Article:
Core
Guides v2.x
2

Authentication #

Kuzzle handles authentication in a generic way with a strategy system that can be added via plugins.

These strategies are responsible for managing user credentials and verifying them during the authentication phase.

Plugins have a secure storage space accessible only from the plugin code.
This space is used to store sensitive information such as user credentials.
Learn more about Writing Plugins.

Each user can then use one of the available strategies to authenticate himself.

Kuzzle User IDentifier (kuid) #

Users are identified by a unique identifier called the Kuzzle User IDentifier or kuid.

This is for example the kuid found in the Kuzzle Metadata of documents:

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{
  "name": "jenow",
  "age": 32,
  "_kuzzle_info": {
    "creator": "c2eaced2-c388-455a-b018-940b68cbb5a2",
    "createdAt": 1605018219330,
    "updater": "940b940b6-c388-554a-018b-ced28cbb5a2",
    "updatedAt": 1705018219330
  }
}

The kuid is auto-generated unless it is passed to the security:createUser API action:

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kourou security:createUser '{           
  content: {    
    profileIds: ["default"]
  },                    
  credentials: {          
    local: {
      username: "my",
      password: "password"
    }
  }
}' --id mylehuong

Most of the security controller actions use the kuid to identify users.

Credentials #

In Kuzzle, user credentials are composed of a list of authentication strategies and their respective profile data.

They must be provided at the creation of a user in the credentials property of the user's content passed in the body of the query.

Example: Create an user with local credentials

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kourou security:createUser '{
  content: {
    profileIds: ["default"]
  },
  credentials: {
    local: {
      username: "mylehuong",
      password: "password"
    }
  }
}'

They will then be stored by the plugin in charge of the local strategy in a secure storage space accessible only from the plugin's scope.

It is possible to manipulate a user's credentials:

When a user wants to authenticate to Kuzzle, they must choose a strategy and then provide the information requested by it.

For instance, the local strategy requires a username and a password:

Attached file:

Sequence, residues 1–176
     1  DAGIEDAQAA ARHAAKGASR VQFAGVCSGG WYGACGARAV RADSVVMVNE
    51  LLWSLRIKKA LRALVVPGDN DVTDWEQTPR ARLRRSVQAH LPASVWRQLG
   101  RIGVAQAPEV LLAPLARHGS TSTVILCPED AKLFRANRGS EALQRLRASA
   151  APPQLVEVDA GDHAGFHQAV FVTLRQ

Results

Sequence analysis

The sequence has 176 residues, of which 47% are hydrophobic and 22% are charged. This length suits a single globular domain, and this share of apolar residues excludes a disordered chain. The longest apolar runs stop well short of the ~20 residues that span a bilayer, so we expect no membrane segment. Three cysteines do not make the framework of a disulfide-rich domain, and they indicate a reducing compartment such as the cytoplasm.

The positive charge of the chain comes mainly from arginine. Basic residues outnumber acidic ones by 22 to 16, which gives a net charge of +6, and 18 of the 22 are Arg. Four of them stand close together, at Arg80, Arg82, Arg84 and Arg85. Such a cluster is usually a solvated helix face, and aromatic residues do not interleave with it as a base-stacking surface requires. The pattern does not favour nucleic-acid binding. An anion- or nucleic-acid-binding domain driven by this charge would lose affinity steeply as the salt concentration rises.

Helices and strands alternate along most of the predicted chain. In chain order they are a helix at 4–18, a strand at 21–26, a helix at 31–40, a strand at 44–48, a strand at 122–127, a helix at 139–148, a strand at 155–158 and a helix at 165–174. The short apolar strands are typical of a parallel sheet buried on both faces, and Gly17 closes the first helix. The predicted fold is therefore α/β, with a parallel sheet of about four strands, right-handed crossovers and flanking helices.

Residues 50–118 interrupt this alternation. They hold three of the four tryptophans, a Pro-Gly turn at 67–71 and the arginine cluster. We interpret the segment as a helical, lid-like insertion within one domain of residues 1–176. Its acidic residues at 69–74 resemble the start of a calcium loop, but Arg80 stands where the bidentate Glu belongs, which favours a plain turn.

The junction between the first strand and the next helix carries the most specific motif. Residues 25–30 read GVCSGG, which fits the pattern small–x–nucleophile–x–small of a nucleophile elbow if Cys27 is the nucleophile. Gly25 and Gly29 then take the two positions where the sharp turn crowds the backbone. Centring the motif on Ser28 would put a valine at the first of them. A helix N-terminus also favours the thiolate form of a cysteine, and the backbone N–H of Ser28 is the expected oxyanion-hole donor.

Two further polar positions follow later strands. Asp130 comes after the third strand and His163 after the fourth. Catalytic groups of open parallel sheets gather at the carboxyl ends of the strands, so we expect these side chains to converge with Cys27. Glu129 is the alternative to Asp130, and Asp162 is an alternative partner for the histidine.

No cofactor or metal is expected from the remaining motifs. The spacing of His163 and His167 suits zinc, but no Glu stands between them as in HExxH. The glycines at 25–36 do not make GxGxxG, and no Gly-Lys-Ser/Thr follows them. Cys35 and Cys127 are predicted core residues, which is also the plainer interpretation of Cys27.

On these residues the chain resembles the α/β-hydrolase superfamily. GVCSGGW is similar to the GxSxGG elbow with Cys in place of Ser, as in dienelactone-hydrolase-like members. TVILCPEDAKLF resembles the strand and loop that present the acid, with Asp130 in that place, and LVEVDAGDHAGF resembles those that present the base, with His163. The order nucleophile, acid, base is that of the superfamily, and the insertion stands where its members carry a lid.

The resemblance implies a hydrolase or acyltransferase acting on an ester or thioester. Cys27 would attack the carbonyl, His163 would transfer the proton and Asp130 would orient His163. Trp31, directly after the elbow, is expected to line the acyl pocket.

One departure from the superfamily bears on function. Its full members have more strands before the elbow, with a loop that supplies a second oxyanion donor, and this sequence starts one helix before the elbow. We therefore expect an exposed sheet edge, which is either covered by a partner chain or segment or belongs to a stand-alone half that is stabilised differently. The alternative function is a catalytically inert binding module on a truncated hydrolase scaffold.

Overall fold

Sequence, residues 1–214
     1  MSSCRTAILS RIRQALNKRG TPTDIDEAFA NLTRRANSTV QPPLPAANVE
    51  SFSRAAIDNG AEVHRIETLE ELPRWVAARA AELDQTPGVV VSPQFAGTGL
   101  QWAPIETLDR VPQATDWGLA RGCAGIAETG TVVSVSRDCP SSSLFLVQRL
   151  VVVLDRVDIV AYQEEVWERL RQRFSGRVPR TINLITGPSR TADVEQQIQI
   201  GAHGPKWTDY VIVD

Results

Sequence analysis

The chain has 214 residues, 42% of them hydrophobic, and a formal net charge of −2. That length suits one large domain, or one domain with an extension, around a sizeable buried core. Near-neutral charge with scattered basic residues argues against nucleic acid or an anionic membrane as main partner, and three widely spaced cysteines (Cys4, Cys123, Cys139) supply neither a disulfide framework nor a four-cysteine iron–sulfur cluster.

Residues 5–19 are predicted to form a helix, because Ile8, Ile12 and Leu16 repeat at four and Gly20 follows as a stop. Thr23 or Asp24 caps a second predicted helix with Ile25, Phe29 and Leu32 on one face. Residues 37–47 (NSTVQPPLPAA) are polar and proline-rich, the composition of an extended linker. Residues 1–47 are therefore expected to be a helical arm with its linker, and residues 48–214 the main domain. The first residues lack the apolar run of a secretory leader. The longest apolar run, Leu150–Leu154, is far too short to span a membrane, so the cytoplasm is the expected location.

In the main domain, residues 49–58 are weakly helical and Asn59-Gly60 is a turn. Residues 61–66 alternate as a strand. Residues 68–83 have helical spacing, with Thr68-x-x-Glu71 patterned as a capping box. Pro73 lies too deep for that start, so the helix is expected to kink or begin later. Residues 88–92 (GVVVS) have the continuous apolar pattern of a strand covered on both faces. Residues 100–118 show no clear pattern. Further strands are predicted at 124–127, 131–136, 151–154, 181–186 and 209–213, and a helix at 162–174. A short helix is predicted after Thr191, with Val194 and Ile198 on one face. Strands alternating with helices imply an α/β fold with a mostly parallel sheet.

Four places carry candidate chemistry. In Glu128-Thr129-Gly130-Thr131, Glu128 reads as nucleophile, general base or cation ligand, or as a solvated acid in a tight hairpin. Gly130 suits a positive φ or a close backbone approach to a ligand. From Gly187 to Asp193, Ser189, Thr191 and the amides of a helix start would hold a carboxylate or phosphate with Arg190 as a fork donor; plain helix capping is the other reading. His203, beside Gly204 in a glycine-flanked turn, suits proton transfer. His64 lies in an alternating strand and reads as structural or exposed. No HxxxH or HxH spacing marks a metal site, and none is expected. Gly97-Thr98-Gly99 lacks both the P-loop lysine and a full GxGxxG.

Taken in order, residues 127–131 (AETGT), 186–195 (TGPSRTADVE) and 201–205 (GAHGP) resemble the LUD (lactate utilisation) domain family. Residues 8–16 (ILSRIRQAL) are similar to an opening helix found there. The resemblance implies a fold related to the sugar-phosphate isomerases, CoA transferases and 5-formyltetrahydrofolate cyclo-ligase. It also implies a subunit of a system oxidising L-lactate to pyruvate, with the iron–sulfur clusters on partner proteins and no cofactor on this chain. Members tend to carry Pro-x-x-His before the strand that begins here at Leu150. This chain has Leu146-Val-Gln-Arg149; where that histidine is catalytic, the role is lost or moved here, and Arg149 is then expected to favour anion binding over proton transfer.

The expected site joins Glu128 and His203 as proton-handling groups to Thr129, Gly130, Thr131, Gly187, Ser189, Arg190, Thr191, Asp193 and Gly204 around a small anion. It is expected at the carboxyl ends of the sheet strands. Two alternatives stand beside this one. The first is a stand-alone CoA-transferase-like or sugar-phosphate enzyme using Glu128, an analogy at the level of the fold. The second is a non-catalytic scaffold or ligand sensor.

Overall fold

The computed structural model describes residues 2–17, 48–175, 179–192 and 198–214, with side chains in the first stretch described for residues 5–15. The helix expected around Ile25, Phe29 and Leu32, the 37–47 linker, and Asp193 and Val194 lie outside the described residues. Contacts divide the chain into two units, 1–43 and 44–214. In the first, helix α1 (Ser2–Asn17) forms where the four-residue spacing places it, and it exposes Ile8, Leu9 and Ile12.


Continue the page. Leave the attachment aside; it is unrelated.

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kourou auth:login -a strategy=local --body '{
  username: "mylehuong",
  password: "password"
}'

Authentication Token #

Authentication is performed using the auth:login API action.

This action requires the name of the strategy to be used as well as any information necessary for this strategy.

When authentication is successful, Kuzzle returns an authentication token. This token has a validity of 1 hours by default, then it will be necessary to ask for a new one with either auth:refreshToken or auth:login.

It is possible to request an authentication token valid for more than 1 hours with the argument expiresIn.
The default validity period is configurable under the key security.jwt.expiresIn.
It is also possible to set a maximum validity period for a token under the key security.jwt.maxTTL. Possible values:

  • <= -1: disable the use of maxTTL
  • >= 0: enable maxTTL with setted value (0 will invalid all your authentication tokens at their creation)

For historical reasons the API terminology uses the term jwt but Kuzzle authentication tokens only have in common with JSON Web Tokens the algorithms used to generate and verify them.

Authentication tokens are revocable using the auth:logout API action.

It's also possible to revoke every authentication tokens of a user with the security:revokeTokens.

Authentication Token Expiration #

Authentication tokens expire after a defined period of time. Once an authentication token has expired, it cannot be used in any way.

If the customer has subscribed to real-time notifications then they will be notified at the time of expiration with a TokenExpired server notification.